Internal Rate of Return
Modified Internal Rate of Return (MIRR)
Net Operating Income (NOI)
Loan to Value Ratio (LTV)
Cash on Cash Return
Cash on Cash with Equity
Gross Rent Multiplier (GRM)
Debt Coverage Ratio (DCR)
Real Estate Terms
Modified Internal rate of Return (MIRR)
The significant problem with the Internal Rate of Return (IRR) calculation is that the formula assumes that you are reinvesting the annual cash flow at the same rate as calculated by the IRR. As a result, when you have a property that generates significant cash flow, the calculated IRR will overstate the likely financial return of the property. The MIRR allows you to enter a different rate that is applied to the property's annual cash flow. This rate used is generally a bank or savings rate. Using the MIRR will more closely mimic reality as you rarely are able to reinvest the cash flow at the same rate of return as determined by the IRR formula.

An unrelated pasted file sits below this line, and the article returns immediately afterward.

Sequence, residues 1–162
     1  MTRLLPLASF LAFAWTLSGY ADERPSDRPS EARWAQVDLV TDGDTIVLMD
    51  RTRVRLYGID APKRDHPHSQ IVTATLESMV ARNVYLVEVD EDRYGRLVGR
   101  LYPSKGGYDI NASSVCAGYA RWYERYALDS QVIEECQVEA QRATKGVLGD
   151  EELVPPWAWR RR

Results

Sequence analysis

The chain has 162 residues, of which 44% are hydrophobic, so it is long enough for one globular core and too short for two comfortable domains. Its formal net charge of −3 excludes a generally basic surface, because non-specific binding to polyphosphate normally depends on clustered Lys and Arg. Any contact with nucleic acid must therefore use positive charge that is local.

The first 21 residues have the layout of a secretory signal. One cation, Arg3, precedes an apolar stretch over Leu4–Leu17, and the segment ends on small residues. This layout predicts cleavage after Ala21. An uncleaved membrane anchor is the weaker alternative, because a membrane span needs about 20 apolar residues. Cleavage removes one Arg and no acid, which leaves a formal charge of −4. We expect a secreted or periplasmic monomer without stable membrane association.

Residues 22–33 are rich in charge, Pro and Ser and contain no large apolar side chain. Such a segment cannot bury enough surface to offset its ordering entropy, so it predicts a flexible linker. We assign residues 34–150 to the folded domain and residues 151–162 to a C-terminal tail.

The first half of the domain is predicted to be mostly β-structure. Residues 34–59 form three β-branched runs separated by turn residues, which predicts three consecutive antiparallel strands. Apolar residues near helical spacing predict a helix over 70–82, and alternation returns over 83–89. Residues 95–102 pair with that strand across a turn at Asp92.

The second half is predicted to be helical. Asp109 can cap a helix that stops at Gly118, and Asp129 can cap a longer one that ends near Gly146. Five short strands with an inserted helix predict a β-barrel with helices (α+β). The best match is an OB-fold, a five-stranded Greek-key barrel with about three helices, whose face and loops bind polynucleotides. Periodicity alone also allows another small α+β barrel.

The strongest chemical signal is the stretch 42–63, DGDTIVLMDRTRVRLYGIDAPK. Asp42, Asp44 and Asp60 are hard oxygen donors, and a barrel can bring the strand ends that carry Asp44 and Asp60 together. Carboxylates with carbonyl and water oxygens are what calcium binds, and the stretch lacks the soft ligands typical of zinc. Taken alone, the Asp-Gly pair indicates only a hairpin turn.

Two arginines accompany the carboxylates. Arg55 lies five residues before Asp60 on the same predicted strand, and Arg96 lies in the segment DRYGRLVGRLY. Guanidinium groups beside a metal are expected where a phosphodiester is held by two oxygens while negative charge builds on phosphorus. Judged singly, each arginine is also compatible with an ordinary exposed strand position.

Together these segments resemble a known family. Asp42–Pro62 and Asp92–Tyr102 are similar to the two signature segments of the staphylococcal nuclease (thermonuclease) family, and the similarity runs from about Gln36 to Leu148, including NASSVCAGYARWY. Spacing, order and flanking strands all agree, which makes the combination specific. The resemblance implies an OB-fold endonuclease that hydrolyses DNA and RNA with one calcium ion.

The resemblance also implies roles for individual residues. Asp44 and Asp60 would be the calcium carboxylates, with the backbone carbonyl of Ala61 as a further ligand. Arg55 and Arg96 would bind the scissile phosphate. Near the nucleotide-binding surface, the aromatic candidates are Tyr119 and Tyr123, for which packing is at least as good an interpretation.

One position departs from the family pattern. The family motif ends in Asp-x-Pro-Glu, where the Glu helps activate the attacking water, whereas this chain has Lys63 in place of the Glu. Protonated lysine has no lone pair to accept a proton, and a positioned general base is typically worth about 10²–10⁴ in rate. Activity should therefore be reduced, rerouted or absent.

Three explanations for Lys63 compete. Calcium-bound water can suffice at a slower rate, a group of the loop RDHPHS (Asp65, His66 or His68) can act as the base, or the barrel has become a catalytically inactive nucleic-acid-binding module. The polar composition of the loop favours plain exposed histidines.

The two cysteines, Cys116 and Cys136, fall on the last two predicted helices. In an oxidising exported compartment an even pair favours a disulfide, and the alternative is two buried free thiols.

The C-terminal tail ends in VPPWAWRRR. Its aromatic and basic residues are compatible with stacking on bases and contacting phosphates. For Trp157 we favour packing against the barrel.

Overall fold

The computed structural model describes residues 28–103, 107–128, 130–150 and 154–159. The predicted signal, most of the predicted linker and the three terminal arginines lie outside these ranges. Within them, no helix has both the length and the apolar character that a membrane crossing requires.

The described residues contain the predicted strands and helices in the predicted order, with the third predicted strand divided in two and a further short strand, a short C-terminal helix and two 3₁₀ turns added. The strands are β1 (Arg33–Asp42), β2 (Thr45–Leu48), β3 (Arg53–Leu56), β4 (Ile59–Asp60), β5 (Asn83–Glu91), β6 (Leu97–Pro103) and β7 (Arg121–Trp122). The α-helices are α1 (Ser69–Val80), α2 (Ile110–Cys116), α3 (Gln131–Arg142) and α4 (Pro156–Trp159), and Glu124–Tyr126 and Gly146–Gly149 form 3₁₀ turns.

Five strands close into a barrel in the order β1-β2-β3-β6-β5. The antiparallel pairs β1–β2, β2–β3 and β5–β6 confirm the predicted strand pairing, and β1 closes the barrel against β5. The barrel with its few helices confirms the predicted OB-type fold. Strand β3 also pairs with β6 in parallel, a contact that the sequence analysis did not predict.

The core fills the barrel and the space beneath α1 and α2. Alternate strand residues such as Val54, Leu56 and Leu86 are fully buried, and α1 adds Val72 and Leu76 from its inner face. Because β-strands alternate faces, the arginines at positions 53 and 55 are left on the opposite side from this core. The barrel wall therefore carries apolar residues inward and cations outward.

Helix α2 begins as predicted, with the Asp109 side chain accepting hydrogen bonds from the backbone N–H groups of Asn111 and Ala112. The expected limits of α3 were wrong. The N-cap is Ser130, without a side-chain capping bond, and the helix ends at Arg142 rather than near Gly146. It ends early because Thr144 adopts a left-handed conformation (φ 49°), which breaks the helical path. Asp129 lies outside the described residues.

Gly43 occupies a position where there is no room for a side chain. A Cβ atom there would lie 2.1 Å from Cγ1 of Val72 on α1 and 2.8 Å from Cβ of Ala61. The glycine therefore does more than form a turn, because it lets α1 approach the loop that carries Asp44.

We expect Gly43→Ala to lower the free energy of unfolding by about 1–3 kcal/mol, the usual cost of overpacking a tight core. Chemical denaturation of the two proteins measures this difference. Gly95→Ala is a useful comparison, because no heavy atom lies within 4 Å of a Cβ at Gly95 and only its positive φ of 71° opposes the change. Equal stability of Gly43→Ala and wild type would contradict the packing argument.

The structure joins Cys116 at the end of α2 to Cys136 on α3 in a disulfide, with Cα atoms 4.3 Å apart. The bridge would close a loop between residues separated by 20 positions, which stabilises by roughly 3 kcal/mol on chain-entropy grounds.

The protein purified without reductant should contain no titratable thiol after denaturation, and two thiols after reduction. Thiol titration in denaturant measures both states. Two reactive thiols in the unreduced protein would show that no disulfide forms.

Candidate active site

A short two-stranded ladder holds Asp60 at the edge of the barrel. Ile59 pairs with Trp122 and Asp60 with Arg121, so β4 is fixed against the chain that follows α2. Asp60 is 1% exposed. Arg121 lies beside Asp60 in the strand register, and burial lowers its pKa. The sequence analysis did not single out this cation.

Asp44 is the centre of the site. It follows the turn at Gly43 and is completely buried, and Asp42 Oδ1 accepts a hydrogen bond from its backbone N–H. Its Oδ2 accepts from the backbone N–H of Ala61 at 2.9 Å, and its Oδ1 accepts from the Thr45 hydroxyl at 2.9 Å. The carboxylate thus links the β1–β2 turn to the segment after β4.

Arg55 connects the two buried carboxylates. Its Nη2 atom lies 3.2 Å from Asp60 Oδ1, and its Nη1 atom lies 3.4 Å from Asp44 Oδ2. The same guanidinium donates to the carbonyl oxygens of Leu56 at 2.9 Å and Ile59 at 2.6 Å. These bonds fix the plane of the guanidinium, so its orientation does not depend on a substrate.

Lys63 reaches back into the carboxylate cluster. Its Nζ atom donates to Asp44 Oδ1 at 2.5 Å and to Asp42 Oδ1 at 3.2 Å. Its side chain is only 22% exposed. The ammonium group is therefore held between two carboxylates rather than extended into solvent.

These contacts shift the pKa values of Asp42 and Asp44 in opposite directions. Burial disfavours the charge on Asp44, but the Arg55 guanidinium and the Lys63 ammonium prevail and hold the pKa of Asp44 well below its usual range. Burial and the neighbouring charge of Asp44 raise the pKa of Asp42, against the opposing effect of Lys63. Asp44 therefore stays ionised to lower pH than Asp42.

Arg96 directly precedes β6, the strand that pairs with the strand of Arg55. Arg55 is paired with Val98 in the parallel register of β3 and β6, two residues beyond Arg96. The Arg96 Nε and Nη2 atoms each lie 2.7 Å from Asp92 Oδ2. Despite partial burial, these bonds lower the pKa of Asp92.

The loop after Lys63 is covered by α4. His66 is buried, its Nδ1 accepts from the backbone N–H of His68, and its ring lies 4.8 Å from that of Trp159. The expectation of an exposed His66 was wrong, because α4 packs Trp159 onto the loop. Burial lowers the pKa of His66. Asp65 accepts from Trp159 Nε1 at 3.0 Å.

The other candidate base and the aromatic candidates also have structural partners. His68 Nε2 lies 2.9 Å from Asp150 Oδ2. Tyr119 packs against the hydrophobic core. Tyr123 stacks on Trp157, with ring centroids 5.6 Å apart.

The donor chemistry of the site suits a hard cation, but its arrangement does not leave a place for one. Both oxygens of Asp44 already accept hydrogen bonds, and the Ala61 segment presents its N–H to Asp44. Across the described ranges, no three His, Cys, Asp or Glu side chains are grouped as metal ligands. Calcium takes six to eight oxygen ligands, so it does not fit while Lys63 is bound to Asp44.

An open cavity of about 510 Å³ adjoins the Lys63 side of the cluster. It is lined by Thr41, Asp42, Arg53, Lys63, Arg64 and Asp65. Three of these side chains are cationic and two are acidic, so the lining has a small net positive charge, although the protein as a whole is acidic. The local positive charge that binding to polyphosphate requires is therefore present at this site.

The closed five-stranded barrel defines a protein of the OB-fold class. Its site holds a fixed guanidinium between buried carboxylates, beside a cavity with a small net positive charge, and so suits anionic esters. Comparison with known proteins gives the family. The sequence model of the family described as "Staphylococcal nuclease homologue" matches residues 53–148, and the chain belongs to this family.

The finance rate is the annual interest rate that you would pay to cover any negative cash flows incurred during the life of the investment.
The reinvestment rate is the interest rate that you would earn on cash that the investment generates during its life.